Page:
This pioneering book is the first to explore the experiences of homeless people in Russia in the late Soviet period and during post-socialist transition. Through their own stories, it introduces us to the hidden world of vagrants, itinerant workers and the street homeless - roofless people living on the streets, in cellars, in the lofts of apartment blocks, in train stations, in rubbish dumps or in holes underground. Using in-depth biographical interviews, Svetlana Stephenson documents the processes of their displacement; the strategies they adopt for survival and building social bonds; and the barriers which block their escape from homelessness. These narratives are placed within a framework of theoretical perspectives on social and spatial exclusion; interaction between space and social identity, and the regimes of settlement and social control. The structural causes of homelessness are discussed, together with the criminological, legal and expert discourses that constructed vagrants and the homeless as 'social waste' in the Soviet and post-Soviet periods. Stephenson advances our understanding of homelessness as an extreme case of social-territorial displacement, and sets out its causes and its individual consequences within the larger social and political context. She suggests that by using the concept of displacement, particularly in a historical perspective, it is possible to better understand the ways in which social systems produce marginality and homelessness.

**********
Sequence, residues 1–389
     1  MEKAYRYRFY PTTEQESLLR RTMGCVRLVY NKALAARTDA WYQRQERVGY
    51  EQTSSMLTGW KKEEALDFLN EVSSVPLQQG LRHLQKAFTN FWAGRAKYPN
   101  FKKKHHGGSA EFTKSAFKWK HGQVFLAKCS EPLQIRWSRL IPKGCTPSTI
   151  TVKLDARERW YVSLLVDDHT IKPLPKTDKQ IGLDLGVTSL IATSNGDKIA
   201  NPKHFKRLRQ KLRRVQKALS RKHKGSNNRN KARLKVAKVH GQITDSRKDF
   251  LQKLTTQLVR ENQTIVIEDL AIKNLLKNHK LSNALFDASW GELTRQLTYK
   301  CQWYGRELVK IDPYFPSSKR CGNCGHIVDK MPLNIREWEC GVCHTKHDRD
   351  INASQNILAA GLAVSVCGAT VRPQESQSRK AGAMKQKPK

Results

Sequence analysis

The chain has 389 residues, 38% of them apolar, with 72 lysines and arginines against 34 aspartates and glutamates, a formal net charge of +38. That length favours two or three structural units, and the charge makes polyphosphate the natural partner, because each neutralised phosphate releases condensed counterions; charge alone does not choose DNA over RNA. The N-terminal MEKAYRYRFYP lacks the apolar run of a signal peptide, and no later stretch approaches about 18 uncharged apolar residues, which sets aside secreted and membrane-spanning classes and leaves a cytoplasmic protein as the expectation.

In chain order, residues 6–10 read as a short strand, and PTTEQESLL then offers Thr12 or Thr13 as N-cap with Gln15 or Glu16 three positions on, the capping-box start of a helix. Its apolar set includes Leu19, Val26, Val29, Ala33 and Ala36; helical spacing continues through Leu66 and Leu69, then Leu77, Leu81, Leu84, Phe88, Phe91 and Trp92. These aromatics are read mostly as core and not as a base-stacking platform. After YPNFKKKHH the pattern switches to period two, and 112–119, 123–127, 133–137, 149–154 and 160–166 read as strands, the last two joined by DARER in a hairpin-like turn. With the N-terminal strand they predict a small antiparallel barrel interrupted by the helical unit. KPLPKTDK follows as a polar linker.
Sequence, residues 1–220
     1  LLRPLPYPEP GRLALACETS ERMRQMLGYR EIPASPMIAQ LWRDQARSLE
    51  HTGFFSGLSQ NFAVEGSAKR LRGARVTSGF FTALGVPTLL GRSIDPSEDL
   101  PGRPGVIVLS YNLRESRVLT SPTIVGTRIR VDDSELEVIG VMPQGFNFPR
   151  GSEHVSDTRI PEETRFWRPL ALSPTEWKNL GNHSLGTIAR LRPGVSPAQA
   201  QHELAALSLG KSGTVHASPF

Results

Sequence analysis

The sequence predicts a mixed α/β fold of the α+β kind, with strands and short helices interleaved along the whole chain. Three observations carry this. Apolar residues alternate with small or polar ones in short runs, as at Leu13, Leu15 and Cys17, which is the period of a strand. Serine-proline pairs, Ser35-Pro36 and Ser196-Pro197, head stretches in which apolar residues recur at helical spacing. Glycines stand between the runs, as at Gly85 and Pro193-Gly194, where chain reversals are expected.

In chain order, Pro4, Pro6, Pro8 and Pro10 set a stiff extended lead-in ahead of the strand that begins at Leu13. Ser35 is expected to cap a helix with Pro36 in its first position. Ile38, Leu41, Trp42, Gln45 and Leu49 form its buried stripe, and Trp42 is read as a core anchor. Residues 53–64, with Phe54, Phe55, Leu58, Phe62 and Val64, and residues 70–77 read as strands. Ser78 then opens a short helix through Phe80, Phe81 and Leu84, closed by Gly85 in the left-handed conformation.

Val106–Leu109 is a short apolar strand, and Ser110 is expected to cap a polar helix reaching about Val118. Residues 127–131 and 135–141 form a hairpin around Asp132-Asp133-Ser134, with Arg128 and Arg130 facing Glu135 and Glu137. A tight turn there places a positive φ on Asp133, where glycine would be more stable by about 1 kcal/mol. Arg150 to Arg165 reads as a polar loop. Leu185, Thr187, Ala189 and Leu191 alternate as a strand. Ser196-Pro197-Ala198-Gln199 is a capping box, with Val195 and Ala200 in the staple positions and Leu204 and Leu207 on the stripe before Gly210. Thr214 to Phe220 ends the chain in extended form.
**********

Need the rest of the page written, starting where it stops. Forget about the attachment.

TABLE OF CONTENTS
part |2 pages
PART I: THE HOMELESS EXPERIENCE IN RUSSIA TODAY
part |2 pages
PART II: PATHWAYS INTO HOMELESSNESS